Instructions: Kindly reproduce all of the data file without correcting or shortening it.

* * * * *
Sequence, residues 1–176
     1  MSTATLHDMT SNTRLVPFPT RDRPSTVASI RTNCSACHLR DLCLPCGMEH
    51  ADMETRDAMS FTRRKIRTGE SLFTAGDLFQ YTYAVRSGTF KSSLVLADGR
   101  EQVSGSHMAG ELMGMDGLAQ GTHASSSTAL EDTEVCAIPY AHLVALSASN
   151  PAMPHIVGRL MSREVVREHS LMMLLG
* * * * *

Sequence, residues 1–176
     1  MSTATLHDMT SNTRLVPFPT RDRPSTVASI RTNCSACHLR DLCLPCGMEH
    51  ADMETRDAMS FTRRKIRTGE SLFTAGDLFQ YTYAVRSGTF KSSLVLADGR
   101  EQVSGSHMAG ELMGMDGLAQ GTHASSSTAL EDTEVCAIPY AHLVALSASN
   151  PAMPHIVGRL MSREVVREHS LMMLLG